DCSIMG

‘Save our village from overflowing sewage’

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A BARNHAM resident has called for action to keep the village clean from overflowing sewage.

Richard Hammond, a member of the Barnham Village Drainage Group, said he feared villagers could be waiting years to see any improvements.

The wet winter had seen the village’s foul sewerage system suffer with three locations where sewage has been flowing into Barnham Rife.

“There has been a lot of debate in the area over future development and everyone calls for improvements to the infrastructure including our local MP,” said Mr Hammond.

“The problems at Barnham have occurred for many decades and is unacceptable in my opinion in the 21st century.

“A solution is feasible. Too much rain either as groundwater or surface water enters the foul sewer which is only expected to convey the foul sewage from the community.

“If groundwater is entering the pipework, then this is Southern Water’s responsibility.

“Where rain and surface water is inundating the system, then West Sussex and Arun councils, the Environment Agency, local landowners and householders all have a part to play to ensure effective land drainage and keen clean rainwater out of the foul sewer.

“These organisations and Southern Water are working on a surface water management plan. But I fear it will be many years before any plan turns to action and we can enjoy a resolution to this mess.”

Mr Hammond raised concerns about an overflowing sewer close to the Farnhurst Road children’s play area in January, 2011, by using a photo taken of the problem back in 1987.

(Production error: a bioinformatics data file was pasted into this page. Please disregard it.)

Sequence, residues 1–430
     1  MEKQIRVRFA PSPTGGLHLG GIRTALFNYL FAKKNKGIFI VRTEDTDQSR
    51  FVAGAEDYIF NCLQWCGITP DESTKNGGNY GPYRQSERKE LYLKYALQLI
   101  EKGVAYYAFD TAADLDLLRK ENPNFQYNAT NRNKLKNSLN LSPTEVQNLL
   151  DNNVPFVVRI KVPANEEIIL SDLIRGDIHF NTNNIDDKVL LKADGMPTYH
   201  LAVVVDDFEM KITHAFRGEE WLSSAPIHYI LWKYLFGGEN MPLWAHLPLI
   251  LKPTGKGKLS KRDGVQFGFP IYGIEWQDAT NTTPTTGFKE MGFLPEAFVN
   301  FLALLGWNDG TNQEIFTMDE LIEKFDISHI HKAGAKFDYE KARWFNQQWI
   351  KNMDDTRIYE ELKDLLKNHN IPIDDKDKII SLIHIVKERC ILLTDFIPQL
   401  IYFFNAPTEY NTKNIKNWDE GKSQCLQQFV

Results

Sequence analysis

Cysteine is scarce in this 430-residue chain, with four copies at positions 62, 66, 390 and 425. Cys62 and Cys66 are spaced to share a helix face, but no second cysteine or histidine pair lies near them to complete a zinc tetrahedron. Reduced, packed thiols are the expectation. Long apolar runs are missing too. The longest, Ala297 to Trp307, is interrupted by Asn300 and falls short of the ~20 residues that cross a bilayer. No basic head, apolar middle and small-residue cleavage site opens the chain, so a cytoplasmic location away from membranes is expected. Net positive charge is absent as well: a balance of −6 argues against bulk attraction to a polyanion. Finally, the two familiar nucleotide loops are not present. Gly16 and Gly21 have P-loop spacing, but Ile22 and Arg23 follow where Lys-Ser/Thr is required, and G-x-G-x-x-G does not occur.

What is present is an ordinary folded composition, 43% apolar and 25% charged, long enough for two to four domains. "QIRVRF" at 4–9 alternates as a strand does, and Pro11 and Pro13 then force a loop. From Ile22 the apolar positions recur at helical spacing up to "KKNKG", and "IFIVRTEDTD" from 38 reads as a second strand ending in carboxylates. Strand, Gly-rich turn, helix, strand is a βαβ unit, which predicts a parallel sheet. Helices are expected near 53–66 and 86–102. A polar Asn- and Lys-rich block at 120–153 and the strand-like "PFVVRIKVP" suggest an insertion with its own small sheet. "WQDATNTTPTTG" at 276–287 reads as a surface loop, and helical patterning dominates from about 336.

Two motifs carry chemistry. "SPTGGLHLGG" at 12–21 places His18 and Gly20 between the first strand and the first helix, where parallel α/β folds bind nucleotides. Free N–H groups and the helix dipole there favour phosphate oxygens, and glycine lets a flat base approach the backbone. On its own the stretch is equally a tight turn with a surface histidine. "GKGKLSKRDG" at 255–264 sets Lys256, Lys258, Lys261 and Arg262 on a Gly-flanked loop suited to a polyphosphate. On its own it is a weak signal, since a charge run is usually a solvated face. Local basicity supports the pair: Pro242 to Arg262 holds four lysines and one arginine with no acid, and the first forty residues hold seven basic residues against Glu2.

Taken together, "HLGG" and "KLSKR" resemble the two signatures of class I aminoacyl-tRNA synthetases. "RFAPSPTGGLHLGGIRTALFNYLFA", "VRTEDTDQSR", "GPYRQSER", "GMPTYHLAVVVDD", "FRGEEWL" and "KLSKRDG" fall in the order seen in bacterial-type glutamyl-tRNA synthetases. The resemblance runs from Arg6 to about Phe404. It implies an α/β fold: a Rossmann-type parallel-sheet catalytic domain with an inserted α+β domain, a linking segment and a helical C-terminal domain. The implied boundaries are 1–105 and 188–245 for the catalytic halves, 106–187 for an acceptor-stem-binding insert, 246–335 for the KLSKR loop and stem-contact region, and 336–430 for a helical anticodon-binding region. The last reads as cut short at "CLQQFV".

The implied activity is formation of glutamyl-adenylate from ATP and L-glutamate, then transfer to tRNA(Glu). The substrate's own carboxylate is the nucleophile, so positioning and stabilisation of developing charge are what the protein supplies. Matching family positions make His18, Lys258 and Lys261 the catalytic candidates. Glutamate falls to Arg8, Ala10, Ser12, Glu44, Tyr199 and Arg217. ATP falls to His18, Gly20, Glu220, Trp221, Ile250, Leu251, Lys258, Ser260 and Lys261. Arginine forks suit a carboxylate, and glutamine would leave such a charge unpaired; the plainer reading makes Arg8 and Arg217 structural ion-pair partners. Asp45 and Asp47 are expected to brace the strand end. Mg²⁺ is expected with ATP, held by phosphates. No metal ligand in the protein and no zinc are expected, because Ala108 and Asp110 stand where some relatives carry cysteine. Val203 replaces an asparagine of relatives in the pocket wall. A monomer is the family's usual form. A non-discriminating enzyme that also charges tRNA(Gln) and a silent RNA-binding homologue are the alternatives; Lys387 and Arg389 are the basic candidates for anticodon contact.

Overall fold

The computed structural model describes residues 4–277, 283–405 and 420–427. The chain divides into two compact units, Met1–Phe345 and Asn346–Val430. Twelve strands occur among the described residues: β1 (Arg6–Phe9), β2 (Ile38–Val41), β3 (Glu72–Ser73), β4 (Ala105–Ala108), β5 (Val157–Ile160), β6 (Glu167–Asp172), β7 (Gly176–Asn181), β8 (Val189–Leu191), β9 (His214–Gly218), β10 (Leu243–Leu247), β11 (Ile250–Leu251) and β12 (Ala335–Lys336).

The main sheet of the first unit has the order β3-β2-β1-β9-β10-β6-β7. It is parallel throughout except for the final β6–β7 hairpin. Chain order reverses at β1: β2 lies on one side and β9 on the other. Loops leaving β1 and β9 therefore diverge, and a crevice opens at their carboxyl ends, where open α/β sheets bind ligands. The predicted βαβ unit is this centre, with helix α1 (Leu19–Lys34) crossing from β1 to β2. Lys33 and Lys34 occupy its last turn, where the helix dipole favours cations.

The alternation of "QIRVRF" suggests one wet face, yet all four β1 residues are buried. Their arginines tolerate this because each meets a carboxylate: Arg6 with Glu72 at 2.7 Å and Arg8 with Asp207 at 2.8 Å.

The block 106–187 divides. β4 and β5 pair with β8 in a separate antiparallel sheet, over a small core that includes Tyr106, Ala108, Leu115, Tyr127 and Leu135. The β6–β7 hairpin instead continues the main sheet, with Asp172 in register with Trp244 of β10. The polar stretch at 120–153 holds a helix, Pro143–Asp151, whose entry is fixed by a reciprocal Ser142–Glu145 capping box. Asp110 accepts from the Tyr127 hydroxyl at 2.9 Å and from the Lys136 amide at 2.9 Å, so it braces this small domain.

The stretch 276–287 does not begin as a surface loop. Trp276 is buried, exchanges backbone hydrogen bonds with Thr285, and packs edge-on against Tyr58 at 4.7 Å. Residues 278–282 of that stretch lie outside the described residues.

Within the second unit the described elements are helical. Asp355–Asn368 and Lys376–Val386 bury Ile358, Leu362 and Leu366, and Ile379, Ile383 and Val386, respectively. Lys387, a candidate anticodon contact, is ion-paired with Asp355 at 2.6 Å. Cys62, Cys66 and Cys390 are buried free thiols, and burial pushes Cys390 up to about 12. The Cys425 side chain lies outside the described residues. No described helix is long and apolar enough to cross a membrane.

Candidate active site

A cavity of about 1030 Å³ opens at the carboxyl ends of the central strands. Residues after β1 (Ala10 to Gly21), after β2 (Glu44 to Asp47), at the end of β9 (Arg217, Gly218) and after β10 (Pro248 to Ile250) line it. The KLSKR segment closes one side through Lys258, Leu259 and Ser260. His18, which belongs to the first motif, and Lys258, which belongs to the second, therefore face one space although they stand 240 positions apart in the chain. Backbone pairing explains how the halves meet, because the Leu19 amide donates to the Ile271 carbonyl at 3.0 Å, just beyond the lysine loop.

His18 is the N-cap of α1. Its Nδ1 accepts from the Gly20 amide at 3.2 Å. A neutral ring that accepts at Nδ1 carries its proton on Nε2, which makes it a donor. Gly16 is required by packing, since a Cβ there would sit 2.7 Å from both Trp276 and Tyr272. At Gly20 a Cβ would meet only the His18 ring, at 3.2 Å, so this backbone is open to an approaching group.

He said the spills near the play park had been reduced this year because screened crude sewage was pouring into Barnham Rife at the junction of Lake Lane and Barnham Lane. This had also lessened the more serious flooding of Barnham Lane at Choller bend.

“This type of emergency relief of the sewer system is legally acceptable to protect life and property but only with the agreement of the Environment Agency,” Mr Hammond said.

Until the deluge of February 14, Southern Water had been using occasional tankers to take the crude sewage to a local wastewater treatment works.

Some 200m downstream of the pump, just south of the railway line in Marshall Close, is the official overflow point from the foul sewer system.

The finely screened outflow into Barnham Rife is subject to strict conditions from the Environment Agency.

Another 200m below Marshall Close is the sewer overflow at Tars Farm on Church Lane.

A lagoon of sewage forms each year on land which is remediated by Southern Water.

This sewage receives some treatment before it also flows into the Barnham Rife.

 

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